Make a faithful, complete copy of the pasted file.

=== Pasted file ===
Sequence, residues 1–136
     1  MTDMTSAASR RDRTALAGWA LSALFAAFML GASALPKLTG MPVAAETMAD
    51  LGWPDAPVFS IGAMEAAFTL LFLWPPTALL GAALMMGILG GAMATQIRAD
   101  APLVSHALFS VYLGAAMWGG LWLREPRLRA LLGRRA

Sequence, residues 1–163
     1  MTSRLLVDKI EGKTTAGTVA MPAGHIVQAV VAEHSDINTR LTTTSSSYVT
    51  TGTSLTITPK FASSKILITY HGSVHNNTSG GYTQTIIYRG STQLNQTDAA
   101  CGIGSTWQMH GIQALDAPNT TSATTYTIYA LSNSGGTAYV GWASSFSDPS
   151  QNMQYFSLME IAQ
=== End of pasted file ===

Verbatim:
Sequence, residues 1–136
     1  MTDMTSAASR RDRTALAGWA LSALFAAFML GASALPKLTG MPVAAETMAD
    51  LGWPDAPVFS IGAMEAAFTL LFLWPPTALL GAALMMGILG GAMATQIRAD
   101  APLVSHALFS VYLGAAMWGG LWLREPRLRA LLGRRA

Sequence, residues 1–163
     1  MTSRLLVDKI EGKTTAGTVA MPAGHIVQAV VAEHSDINTR LTTTSSSYVT
    51  TGTSLTITPK FASSKILITY HGSVHNNTSG GYTQTIIYRG STQLNQTDAA
   101  CGIGSTWQMH GIQALDAPNT TSATTYTIYA LSNSGGTAYV GWASSFSDPS
   151  QNMQYFSLME IAQ